Tet Nguyen Dan (Lunar New Year): This is the most important and widely celebrated holiday in Vietnam. It marks the beginning of the lunar calendar year and is a time for family reunions, feasts, and paying respects to ancestors.

Ancestor Worship: Vietnamese people hold great reverence for their ancestors. They maintain ancestral altars in their homes and make offerings of food, incense, and other items to honor their deceased family members.

praying during Vietnamese New Year (Tet New Year)

Pagoda Visits: Buddhism is one of the major religions in Vietnam, and visiting pagodas is a common practice for Vietnamese people. They go to pagodas to make offerings, pray for blessings, and seek spiritual guidance.

Respect for Elders: Vietnamese culture places a strong emphasis on respect for elders. Younger generations show deference and filial piety to their parents and grandparents, often seeking their guidance and following their advice.

Traditional Festivals: Vietnam is known for its vibrant festivals, which vary by region. These festivals celebrate agricultural harvests, historical events, and local legends. They feature colorful processions, traditional music and dances, and communal activities.

Traditional Clothing: The traditional attire for Vietnamese people is the “ao dai,” a long-sleeved tunic worn over wide-legged pants. The ao dai is commonly worn on special occasions, formal events, and traditional ceremonies.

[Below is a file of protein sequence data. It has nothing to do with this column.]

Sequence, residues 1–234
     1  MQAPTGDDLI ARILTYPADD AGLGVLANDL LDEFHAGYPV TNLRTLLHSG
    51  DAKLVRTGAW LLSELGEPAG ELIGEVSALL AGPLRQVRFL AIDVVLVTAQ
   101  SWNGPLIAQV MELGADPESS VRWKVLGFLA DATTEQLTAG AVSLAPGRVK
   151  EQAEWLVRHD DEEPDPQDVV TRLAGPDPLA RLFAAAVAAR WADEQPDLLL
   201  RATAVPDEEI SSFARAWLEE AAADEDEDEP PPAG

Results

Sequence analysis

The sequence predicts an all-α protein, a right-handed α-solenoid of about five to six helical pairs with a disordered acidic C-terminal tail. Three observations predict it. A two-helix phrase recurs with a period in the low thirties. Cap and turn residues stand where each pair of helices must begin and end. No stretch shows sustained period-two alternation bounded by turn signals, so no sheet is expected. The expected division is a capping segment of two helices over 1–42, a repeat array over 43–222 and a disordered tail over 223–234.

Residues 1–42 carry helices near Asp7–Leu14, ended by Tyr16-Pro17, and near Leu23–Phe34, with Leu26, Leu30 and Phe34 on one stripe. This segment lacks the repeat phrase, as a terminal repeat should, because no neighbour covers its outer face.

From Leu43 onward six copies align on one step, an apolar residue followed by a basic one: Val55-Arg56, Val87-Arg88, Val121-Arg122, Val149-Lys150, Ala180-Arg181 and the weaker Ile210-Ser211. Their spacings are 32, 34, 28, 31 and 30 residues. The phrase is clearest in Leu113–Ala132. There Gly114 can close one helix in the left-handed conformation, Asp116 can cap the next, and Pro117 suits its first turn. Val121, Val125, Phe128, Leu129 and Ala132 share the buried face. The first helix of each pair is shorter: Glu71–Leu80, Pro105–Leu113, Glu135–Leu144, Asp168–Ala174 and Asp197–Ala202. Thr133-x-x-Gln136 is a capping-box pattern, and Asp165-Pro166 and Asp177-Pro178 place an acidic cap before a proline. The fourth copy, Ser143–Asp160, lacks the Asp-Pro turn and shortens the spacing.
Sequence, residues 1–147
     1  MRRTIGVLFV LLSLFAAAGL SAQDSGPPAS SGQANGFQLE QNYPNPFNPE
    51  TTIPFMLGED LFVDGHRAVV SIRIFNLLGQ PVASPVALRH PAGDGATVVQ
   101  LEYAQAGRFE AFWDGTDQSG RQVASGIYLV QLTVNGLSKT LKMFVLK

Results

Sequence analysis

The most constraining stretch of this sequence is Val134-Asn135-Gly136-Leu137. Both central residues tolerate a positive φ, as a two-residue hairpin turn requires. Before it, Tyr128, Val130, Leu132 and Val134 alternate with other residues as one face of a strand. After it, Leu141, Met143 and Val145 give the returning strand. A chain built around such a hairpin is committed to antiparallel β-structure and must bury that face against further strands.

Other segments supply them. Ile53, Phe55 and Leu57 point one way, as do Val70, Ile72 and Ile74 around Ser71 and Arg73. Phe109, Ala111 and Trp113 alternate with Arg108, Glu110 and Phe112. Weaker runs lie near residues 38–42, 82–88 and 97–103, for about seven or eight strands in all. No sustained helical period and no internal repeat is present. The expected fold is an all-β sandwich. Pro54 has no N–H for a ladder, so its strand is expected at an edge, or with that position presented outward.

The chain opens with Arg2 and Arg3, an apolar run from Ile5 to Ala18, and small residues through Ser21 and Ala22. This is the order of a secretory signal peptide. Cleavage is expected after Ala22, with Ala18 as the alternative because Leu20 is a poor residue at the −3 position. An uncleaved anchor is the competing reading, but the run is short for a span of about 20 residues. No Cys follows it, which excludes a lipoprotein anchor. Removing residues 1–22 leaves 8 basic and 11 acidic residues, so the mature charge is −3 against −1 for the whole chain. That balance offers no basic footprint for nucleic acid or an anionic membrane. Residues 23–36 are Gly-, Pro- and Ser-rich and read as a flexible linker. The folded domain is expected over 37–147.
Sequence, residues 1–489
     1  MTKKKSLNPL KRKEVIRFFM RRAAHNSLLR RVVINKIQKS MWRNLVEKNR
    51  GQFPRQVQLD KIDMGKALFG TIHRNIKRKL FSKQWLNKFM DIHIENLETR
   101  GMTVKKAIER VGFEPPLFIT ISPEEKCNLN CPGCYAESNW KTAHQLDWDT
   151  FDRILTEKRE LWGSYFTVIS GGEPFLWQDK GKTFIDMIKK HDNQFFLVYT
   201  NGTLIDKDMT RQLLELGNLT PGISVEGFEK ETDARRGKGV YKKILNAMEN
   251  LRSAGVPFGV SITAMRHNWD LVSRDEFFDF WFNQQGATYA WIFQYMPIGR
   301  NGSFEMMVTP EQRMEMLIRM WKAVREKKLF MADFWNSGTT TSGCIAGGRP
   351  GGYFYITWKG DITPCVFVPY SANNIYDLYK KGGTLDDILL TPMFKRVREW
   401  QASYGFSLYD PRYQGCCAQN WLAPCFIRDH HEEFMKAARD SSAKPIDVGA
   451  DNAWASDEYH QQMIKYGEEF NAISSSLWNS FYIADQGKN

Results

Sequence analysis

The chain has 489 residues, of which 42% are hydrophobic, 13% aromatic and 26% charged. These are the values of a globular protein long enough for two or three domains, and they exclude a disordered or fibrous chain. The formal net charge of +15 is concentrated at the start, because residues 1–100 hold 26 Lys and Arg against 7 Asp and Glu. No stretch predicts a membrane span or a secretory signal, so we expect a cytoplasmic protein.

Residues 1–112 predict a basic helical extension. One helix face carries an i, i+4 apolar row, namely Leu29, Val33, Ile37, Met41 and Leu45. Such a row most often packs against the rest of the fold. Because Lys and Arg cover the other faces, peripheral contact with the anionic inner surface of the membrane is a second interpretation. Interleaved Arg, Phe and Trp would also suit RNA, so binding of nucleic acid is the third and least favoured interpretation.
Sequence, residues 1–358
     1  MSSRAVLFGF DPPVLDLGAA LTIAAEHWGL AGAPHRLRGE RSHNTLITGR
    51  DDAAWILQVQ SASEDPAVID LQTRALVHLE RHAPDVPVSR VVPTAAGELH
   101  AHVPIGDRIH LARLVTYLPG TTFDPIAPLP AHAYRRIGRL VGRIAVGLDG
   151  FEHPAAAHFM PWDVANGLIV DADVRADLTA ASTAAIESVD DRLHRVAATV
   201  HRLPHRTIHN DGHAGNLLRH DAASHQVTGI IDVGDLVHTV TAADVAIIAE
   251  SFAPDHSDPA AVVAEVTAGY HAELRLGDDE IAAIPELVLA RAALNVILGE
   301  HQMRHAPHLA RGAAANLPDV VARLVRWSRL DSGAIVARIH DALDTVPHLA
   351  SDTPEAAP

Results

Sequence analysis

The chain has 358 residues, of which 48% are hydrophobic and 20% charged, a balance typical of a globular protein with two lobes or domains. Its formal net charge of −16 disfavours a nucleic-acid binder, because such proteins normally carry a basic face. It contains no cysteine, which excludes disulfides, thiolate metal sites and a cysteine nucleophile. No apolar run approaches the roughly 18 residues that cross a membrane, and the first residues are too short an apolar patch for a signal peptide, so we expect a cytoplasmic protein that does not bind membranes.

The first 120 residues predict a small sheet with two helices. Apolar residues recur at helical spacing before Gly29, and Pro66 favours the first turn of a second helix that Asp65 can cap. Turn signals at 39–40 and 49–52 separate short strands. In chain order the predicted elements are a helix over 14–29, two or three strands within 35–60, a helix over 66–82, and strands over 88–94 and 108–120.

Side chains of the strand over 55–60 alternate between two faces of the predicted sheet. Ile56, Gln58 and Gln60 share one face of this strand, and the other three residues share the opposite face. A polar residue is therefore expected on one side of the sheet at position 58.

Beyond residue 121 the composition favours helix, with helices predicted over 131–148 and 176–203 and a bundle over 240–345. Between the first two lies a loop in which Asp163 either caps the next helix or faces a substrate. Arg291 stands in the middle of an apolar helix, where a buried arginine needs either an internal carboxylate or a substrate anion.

ao dai, the traditional dress in Vietnam

Languages of Vietnamese people

The primary language spoken by Vietnamese people is Vietnamese, which is the official language of Vietnam. Vietnamese is a tonal language, meaning that the meaning of words can change based on the tone used when pronouncing them. It has six different tones, which can sometimes be challenging for non-native speakers to master.

Apart from Vietnamese, there are also several regional dialects spoken by different ethnic groups in Vietnam. Some of these dialects include:

  1. Cantonese: Spoken by the Chinese community in Vietnam, particularly in urban areas.
  2. Khmer: Spoken by the Khmer ethnic minority in southern Vietnam, especially in the Mekong Delta region.
  3. Hmong: Spoken by the Hmong people, an ethnic minority group living primarily in the mountainous regions of northern Vietnam.
  4. Tay: Spoken by the Tay ethnic minority group, predominantly found in the northern provinces of Vietnam.
  5. Muong: Spoken by the Muong ethnic minority group, mainly residing in the mountainous areas of north-central Vietnam.

While Vietnamese is the dominant language used in daily life, there is also a significant number of Vietnamese people who can communicate in English, particularly in urban areas and among the younger generation. English proficiency has become increasingly important in Vietnam, driven by tourism, globalization, and international business interactions.


The majority of the Vietnamese people practices folk religions. Folk religions involve the worship of ancestors, spirits, and deities that are believed to have influence over various aspects of life. These practices often involve rituals, offerings, and ceremonies to seek blessings, protection, and good fortune. Folk beliefs and customs are deeply ingrained in Vietnamese culture and are often intertwined with other religious and philosophical traditions.

Besides this, there are a few other religions in Vietnam, such as Buddhism, Confucianism, Taoism and Catholicism.